Locus Magazine Review



The Cuckoo’s Boys, Robert Reed (Golden Gryphon 1-930846-37-1, $24.95, 315pp, hc) November 2005. Cover by Edward Miller.

Robert Reed is probably the most prolific short story writer in the SF field — Jay Lake is his only real challenger — and he sets a high standard even so, again and again coming up with startling concepts, surprising and trenchant angles of vision, and well-observed, gritty nuggets of psychological understanding. This makes it surprising that The Cuckoo's Boys is only his second story collection: so many excellent Reed tales remain in the limbo of transient magazine publication; yet by the same token Reed and his editors at Golden Gryphon Press have enjoyed exceptional latitude of selection, and the 12 pieces in this volume are all highly original and very capably achieved.

Reed's best known fictional venue, the Great Ship, a planet-sized vessel on a galactic Grand Tour spanning millennia, is host to two striking entries, "Night of Time," which explores the complicated memories of an ancient alien and his yet more antediluvian companion, and "River of the Queen," an intensely inventive essay in xenology, a human couple confronting the biological and cultural secrets of one of the countless sentient species inhabiting the near-infinite caverns within the Ship. The bleak evolutionary poetry of these stories extends to "Coelecanths," a vision of humans adapting to countless ecological niches, microscopic and otherwise, a prospect of pride or of deep humiliation for the species, depending on which flawed narrative viewpoint you prefer; a similar dizzying diversity of scale attends "Winemaster," which contemplates people shrunken to infinitesimal size finding assistance in their struggle for survival from beings of inconceivable magnitude, Lilliput and Brobdingnag in alliance against vigilante hicks of ordinary stature. Some of Reed's best effects, in fact, stem from such intrusions of deep perspective — vertiginous expanses of space or time — into ordinary lives; a fine example is "One Last Game," in which a set of middle-class families holidaying by a lake faces a visitation from the future, raising awkward questions regarding the tenability of free will.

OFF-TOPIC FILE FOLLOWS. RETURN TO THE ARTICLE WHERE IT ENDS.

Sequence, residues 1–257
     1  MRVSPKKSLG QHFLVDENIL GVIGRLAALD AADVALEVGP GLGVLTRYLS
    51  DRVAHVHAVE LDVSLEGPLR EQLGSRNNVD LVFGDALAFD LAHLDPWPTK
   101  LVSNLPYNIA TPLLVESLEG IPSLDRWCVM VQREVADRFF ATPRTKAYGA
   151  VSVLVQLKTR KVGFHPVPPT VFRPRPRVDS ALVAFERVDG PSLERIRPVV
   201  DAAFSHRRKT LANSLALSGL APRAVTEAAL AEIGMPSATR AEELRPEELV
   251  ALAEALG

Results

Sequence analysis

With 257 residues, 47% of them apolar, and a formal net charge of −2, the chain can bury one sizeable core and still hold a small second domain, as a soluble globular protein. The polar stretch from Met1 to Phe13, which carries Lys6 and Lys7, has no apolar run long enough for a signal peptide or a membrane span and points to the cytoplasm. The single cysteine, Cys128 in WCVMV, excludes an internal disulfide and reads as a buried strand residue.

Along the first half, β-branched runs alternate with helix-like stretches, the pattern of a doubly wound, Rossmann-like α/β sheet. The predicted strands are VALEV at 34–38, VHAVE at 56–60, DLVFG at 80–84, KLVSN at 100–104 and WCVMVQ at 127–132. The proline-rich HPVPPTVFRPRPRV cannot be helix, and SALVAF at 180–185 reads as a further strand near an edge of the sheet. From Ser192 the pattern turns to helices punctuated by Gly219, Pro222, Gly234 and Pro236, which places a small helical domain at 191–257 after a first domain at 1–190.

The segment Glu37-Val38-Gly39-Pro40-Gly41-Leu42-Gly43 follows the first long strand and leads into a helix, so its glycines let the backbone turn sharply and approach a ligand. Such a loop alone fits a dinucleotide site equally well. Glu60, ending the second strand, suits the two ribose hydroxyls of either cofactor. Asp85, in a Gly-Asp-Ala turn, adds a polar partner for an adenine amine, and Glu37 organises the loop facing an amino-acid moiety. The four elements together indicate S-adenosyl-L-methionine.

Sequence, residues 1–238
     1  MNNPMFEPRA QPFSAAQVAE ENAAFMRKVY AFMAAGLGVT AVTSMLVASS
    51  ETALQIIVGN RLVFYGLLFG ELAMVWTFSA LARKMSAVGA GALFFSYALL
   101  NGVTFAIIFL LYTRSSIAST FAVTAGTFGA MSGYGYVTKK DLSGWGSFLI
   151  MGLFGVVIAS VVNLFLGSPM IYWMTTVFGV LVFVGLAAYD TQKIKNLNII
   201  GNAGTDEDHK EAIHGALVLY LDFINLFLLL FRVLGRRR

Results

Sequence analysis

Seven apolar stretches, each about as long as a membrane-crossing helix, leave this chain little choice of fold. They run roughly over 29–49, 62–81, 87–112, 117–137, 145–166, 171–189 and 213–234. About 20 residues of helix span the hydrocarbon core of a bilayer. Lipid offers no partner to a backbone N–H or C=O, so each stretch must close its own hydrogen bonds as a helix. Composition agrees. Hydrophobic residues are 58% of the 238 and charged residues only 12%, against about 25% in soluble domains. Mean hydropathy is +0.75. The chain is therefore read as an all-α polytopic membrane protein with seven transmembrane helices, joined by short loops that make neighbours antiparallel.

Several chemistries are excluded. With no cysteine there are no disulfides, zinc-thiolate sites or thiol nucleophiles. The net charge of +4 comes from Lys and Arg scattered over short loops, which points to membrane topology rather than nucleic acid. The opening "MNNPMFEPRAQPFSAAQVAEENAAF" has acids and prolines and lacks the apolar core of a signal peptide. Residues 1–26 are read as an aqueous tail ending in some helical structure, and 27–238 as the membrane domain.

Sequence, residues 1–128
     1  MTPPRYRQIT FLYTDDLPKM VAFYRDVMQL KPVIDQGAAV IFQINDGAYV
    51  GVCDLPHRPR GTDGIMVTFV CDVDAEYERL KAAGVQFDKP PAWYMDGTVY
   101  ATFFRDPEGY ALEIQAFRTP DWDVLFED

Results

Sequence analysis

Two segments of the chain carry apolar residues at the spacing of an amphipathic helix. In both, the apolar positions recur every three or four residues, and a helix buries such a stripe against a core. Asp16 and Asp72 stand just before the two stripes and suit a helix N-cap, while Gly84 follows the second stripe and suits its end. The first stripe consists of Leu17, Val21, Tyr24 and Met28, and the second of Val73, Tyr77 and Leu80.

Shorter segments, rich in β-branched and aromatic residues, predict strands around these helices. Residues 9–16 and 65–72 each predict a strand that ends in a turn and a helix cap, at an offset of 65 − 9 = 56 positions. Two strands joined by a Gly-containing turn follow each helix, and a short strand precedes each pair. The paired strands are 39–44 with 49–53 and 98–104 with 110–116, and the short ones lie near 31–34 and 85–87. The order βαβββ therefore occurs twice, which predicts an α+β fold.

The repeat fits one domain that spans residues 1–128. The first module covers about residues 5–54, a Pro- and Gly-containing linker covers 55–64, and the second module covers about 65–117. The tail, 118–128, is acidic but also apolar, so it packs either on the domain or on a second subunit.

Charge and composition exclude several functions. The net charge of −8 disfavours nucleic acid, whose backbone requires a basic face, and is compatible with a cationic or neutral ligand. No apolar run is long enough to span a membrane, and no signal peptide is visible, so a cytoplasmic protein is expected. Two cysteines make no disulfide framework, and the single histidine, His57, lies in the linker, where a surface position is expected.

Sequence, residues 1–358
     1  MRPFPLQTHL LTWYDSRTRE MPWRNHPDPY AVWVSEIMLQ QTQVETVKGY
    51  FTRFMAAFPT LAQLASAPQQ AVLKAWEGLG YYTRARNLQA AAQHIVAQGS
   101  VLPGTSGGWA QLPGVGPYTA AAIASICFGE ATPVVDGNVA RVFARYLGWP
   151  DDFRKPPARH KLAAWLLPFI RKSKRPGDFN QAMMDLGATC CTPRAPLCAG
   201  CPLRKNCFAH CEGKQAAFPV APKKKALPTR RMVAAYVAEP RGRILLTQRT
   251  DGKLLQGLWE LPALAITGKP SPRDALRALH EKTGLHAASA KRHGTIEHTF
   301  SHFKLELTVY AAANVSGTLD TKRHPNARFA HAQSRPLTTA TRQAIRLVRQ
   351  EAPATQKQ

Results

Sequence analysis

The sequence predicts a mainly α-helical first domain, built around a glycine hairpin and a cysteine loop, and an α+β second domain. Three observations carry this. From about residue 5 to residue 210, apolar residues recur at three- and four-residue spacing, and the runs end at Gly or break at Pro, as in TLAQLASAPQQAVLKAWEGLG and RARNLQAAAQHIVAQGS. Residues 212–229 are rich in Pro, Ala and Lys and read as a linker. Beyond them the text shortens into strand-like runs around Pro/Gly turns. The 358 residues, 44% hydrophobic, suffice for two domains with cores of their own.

In like vein, Reed is especially adept at converting the cliché of first contact into stories of intimate human significance. In "On the Brink of That Bright New World," friendly alien signals are received, but the disappointing, indeed depressing, aftermath proclaims that earthly life proceeds on its sordid way regardless. Indulging the same mood, "Savior" depicts a military hero who destroyed attacking extraterrestrials years ago becoming a disgraced, persecuted figure, his celebrity turned to dust, the trammels of conventional politics reviling his decisiveness as unjustified aggression. Considering the chestnut of alien abduction in "Abducted Souls," a novelette appearing here for the first time, Reed implies both the intractable enigma of the phenomenon if it objectively exists at all, and the deep psychological inadequacy of those who, without proper evidence, insist anyway that it does. Not that aliens need to be invoked to draw out our perplexities and illusions, when we can display them just as well on our own: "The Children's Crusade" portrays an entire generation being gulled by a lie, yet finding an odd fulfillment even in its untruth; "She Sees My Monsters Now" sets out the means by which an innately murderous criminal, imprisoned as such, can spread his contagion to sympathetic souls outside; and "First Tuesday" delivers effective political satire in its tale of a future US president visiting every home in the nation in simulated person. "The Cuckoo's Boys" itself, drawing on Reed's own experience as a mentor to gifted teenagers, ponders very intelligently the dilemma of teachers who pass on their own philosophies to students they would rather see become entirely individual; a plague of clones serves as an exceptionally apt metaphor.

Cuckoo's Boys reaffirms SF's function as a thoughtful and paradigm-subverting literary form, able to interrogate the immediacies of life as fluently as theoretically more focused "mundane" writing. Reed is not a comforting author, but the morals he draws are telling and necessary. In a somewhat stern manner, The Cuckoo's Boys is one of the strongest genre collections of the year.

— Nick Gevers, Locus, November 2005



 

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